Skin

Face Peels: An Introduction

Jul 09, 2015
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Face Peels: An Introduction

The words “face peel” may sound like something out of a horror flick, but don’t let the mental image of red, irritated skin scare you away. Peels are just another form of exfoliation, and in many cases, they can be gentler than a scrub. Peels made for at-home use are designed to be safe for even the most delicate skin types, says New York dermatologist Dr. Dendy Engelman, and once you see how soft and glowing they leave your complexion, you’ll become a convert. Here’s what you need to know before you dive in.

What exactly does a face peel do?

Unlike physical scrubs, which use beads and crystals to slough away dead skin, face peels exfoliate the skin by using gentle acids or enzymes (often derived from fruit) to promote cell turnover, which reveals new, brighter, smoother skin. Over time, peels can fade discolorations like sun spots, reduce fine lines, improve skin’s texture, and help clear up acne by unclogging pores.

How do you use a face peel?

Typically, you’ll apply a peel to your skin like a mask, wait a few minutes, then rinse it off. Some peels are gentle enough to remain on your skin without rinsing, even overnight. Others, like the gel peels popular in Asia, are meant to be massaged into the face to help remove dead skin even faster.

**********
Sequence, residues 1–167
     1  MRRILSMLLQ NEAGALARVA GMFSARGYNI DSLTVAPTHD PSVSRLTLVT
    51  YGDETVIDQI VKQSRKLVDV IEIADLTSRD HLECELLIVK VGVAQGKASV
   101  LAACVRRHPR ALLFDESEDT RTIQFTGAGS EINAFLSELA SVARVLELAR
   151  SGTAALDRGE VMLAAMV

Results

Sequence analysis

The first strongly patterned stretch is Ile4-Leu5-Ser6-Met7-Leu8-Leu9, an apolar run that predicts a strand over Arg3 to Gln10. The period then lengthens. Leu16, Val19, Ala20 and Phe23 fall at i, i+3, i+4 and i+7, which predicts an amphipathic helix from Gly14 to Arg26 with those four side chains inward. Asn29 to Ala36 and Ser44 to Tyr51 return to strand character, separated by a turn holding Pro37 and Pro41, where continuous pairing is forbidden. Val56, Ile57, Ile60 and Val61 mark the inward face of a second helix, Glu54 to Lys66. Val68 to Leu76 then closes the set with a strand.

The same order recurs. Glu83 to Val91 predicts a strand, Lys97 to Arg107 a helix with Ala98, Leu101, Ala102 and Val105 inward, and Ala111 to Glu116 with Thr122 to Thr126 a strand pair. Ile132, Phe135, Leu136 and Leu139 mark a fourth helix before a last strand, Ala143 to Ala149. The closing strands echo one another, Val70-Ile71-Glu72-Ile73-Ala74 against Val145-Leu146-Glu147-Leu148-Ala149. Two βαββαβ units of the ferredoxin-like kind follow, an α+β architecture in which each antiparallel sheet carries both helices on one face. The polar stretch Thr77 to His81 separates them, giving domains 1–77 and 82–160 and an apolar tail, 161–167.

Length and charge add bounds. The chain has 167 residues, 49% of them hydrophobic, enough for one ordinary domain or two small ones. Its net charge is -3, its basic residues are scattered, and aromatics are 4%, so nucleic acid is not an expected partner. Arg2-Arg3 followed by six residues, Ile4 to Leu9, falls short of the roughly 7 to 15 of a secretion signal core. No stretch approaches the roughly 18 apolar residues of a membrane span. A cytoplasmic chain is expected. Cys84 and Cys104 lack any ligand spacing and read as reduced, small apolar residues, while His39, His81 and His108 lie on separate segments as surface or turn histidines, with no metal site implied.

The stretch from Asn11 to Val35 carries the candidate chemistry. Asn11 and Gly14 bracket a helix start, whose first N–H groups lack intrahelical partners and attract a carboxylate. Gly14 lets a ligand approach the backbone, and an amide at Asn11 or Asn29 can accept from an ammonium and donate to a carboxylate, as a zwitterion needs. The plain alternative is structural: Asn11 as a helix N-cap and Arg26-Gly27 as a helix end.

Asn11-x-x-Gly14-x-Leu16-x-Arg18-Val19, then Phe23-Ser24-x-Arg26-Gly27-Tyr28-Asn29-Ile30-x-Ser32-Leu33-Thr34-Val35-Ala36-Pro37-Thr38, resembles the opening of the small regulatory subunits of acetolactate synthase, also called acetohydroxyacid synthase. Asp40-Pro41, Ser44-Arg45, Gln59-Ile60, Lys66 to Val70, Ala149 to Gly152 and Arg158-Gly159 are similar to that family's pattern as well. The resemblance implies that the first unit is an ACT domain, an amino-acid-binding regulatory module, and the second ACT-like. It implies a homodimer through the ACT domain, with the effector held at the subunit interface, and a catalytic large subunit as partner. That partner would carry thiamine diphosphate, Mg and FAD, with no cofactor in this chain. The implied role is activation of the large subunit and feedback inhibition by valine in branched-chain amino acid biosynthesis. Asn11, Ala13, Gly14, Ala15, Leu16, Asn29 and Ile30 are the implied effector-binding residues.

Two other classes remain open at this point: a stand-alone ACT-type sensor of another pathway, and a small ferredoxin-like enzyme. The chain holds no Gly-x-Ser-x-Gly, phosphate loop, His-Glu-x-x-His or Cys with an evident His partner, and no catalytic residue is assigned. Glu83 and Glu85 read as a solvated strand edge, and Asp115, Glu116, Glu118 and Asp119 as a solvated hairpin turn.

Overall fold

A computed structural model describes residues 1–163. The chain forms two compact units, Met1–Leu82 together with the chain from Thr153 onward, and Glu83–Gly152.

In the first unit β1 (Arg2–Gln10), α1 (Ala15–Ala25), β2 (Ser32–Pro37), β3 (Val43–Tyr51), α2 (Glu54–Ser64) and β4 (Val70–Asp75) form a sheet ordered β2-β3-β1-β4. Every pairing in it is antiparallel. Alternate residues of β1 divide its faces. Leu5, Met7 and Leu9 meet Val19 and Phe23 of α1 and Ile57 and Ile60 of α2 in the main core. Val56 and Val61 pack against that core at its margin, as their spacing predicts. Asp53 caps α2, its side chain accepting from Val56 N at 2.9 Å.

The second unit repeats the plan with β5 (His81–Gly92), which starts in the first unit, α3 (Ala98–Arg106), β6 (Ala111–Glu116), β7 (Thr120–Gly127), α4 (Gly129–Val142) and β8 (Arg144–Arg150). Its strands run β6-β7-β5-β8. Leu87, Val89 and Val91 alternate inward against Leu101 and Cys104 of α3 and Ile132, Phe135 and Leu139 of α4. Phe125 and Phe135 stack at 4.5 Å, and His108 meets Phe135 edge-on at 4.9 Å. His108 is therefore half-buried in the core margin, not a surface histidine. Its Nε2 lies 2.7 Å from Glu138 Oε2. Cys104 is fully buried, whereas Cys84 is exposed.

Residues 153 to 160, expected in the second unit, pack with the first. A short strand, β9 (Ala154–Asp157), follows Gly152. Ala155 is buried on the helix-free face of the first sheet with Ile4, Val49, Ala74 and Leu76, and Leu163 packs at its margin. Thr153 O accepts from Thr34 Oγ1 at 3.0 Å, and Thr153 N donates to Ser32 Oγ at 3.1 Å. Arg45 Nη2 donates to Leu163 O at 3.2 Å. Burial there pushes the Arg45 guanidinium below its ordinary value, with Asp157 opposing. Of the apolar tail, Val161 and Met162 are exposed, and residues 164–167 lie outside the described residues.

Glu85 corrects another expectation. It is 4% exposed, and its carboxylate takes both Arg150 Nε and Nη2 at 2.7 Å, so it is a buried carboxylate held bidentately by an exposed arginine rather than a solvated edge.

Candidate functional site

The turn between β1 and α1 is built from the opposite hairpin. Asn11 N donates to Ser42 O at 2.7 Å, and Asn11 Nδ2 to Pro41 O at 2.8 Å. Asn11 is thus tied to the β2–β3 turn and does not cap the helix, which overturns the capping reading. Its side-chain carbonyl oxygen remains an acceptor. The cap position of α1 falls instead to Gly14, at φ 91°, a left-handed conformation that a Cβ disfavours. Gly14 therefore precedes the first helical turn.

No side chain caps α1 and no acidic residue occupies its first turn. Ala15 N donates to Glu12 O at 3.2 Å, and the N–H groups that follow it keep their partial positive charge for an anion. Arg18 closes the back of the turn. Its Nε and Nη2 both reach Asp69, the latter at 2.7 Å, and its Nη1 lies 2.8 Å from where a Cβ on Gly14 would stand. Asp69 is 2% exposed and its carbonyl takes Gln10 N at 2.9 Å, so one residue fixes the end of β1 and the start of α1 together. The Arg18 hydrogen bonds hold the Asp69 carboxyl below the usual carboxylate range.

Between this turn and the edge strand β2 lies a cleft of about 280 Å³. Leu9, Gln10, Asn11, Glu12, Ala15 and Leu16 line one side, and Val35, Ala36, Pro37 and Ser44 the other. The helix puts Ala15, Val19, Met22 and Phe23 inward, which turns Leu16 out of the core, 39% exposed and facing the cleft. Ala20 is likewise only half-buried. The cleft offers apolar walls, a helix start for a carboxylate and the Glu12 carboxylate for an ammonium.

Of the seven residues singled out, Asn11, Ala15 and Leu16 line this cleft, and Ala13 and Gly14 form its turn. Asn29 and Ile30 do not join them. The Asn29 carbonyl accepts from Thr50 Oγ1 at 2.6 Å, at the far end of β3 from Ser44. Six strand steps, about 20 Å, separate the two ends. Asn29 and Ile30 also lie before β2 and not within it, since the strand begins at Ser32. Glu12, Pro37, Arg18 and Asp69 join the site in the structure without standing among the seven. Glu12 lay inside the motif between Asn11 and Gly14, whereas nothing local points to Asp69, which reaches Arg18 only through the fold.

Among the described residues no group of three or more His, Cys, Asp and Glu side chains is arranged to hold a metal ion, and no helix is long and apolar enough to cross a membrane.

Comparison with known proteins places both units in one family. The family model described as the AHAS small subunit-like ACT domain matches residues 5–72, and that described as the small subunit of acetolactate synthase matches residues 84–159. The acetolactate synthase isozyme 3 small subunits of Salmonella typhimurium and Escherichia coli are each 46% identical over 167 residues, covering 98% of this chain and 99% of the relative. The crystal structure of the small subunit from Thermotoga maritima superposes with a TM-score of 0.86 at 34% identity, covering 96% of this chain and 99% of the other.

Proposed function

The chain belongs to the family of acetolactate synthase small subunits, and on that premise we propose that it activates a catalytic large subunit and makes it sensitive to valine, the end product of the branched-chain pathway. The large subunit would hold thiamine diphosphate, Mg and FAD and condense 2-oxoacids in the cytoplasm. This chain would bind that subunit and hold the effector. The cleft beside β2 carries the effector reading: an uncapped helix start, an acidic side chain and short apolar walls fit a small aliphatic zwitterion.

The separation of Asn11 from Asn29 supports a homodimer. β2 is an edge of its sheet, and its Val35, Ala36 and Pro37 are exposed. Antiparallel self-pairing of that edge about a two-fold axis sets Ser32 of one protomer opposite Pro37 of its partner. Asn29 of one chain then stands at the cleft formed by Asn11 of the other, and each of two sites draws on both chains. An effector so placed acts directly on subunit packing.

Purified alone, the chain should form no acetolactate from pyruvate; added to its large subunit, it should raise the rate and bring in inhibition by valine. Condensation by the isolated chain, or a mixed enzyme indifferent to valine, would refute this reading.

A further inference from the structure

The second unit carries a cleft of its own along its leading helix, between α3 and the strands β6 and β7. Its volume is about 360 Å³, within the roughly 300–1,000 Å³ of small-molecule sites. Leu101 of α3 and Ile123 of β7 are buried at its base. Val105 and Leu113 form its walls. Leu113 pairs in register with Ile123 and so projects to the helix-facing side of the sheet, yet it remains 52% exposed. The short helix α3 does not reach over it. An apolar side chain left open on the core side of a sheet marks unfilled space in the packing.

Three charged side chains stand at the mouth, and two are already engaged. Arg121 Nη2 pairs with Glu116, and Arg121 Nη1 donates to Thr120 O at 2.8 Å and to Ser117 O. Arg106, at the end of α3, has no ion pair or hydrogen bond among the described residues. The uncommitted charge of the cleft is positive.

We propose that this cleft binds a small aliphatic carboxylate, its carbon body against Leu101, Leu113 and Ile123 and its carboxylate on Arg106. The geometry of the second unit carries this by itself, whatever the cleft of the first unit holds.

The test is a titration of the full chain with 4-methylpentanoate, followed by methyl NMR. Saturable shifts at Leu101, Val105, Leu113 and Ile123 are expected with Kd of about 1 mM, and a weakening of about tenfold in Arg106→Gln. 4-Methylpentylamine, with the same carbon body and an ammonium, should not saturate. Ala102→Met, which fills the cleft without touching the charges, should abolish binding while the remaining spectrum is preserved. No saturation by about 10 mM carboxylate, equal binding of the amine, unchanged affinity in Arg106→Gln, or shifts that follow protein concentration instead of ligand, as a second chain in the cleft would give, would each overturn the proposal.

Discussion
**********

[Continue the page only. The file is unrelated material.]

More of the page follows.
When should I use a face peel?

Most skin types can benefit from using a peel once or twice a week, though milder formulas can be used more often (check the directions on the package to know which type you’re using). Since peels can leave skin more susceptible to sun damage, use them at night. If you use retinols or retinoids, take a break for two to three days before using a peel to avoid irritation, advises Dr. Engleman.

Which type is right for my skin?

Different peels contain a range of exfoliating ingredients, so it’s important to choose one that’s designed to treat your specific skin type — and one that fits into your skincare routine. A salicylic acid peel (like Paula’s Choice Skin Perfecting 2% BHA Liquid Exfoliant) will help unclog pores and reduce breakouts, while one with a low percentage of lactic acid is ideal for brightening up dry, dull skin, says Dr. Engelman — try derma e's Overnight Peel with Alpha Hydroxy Acids. To fight dark spots caused by sun damage, look for a peel that combines salicylic acid with glycolic acid.

How do I care for my skin afterward?

Always follow up a peel by hydrating your skin with a gentle moisturizer, and steer clear of any creams or cleansers containing acids, advises Dr. Engelman. Sunscreen is even more essential in the days after a peel, so use an SPF of 30 or higher before you head outdoors. Any post-peel redness should only last a few minutes, but if your skin stays pink or stings, try a calming treatment like Temple Spa's calming face and body balm.

Wendy R. Recovering gel manicure addict, amateur Spotify DJ, expert roller skater.